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Charlie Jeffery’s Guide To Hull

October 07, 20213 minute read

Dear students,

It is the start of another exciting year at the University of York, and I know a lot of you are excited to get back to the more normal university life that, statistically, you have probably not experienced more than two terms of before. We are grateful for your continued support and lack of a coordinated campaign for tuition fee refunds throughout last year, and we cannot wait to have you back.

Like any university we are still facing some challenges as a result of the last 18 months, however, we have kept up our tradition of dealing with these in uniquely batshit-weird ways. To the students currently settling into their new homes in Hull, I say that I know this is not the start of the year that many of you may have signed up for, unless you are looking at this from a contractual standpoint, in which case we insist this is the start of the year that you signed up for.

However, living in Hull is still a fantastic experience, so fantastic that we have generously given back to you 10% of your rent so that you have more income to spend at the many attractions and amusements in Hull. I have personally spent a lot of time in Hull, me and my family make trips to Hull every weekend to enjoy the culture and people there. I wanted to take this opportunity to share my own favorite places in Hull, to show you why you should be grateful we have let you live in such a wonderful city.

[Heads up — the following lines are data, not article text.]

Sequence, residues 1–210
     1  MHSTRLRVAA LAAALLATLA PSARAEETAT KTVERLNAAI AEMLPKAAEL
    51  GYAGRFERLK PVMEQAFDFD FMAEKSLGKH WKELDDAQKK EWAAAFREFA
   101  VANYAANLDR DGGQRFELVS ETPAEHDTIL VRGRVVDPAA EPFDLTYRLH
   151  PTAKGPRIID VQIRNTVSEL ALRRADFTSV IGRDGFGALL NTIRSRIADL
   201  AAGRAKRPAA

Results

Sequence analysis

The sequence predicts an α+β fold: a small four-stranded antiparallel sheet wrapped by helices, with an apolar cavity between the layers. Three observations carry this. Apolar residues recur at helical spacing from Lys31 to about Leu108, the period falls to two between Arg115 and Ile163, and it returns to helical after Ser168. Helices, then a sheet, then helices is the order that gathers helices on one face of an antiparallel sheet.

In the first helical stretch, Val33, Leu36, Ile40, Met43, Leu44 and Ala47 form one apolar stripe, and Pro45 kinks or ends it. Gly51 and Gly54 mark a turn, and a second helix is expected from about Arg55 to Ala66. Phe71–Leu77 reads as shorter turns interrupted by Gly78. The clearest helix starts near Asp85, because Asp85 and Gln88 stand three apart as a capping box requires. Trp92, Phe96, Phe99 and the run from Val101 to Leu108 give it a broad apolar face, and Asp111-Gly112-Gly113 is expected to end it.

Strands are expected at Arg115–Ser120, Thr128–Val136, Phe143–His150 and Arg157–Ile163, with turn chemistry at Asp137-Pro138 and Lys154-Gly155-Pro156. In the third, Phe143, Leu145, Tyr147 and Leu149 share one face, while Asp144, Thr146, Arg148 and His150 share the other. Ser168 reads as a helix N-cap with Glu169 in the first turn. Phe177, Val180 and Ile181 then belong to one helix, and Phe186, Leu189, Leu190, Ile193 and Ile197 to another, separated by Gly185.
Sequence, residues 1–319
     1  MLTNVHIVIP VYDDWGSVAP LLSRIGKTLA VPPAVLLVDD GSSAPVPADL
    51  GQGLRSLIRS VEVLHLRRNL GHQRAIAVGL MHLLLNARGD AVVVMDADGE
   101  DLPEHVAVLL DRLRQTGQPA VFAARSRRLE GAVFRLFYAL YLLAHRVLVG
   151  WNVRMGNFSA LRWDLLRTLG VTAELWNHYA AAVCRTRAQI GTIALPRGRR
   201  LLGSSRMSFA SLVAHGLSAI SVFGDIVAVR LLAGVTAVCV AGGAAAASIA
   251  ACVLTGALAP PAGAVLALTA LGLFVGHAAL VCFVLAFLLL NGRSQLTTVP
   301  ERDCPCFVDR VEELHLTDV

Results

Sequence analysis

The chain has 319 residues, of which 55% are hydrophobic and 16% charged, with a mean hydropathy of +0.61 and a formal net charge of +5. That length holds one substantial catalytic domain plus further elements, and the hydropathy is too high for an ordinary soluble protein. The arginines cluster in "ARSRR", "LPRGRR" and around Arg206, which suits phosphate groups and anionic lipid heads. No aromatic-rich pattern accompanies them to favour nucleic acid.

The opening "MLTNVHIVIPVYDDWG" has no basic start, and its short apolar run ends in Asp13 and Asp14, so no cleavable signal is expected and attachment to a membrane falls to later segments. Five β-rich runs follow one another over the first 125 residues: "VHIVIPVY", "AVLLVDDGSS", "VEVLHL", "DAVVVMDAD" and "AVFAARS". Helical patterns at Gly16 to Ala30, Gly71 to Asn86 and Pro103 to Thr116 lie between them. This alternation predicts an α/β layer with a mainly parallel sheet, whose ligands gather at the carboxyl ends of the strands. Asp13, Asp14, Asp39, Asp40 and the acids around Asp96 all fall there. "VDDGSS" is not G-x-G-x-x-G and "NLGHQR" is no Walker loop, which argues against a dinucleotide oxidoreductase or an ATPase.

If I had to pick a favorite place, it would be The Deep. The Deep is a public aquarium situated at Sammy’s Point, at the confluence of the River Hull and the Humber Estuary in Hull, England. It opened in March 2002. Billed as “the world’s only submarium”,[4] the exhibits contain thousands of sea creatures (including seven species of shark), 2,500,000 litres (550,000 imp gal; 660,000 US gal) of water and 87 tonnes (96 short tons; 86 long tons) of salt housed in a building designed by Sir Terry Farrell and built as part of the UK National Lottery’s Millennium Commission project.

Me and my family have also spent many happy days on The Humber Bridge, near Kingston upon Hull, East Riding of Yorkshire, England, is a 2.22 km (2,430 yd; 7,300 ft; 1.38 mi) single-span road suspension bridge, which opened to traffic on 24 June 1981. When it opened, the bridge was the longest of its type in the world; it was not surpassed until 1998, with the completion of the Akashi Kaikyō Bridge, and is now the eleventh-longest. It is still the second-longest span in the Western Hemisphere.

And finally, what trip to Hull would be complete without seeing the Hull Minister, where you can see all of the Hull St John students enjoying their hard-earned graduations. You never see the University of Hull students complaining about that, do you?

And that concludes my guide to Hull. I look forward to once again seeing you all, in my newspaper, complaining about one scandal or another like the ungrateful children that you are.

Best wishes

Charlie.


As told to Daniel Bennett 

Dan

Written by Dan

Editor of The Lemon Press, Hero to The Masses, Legend of The Streets

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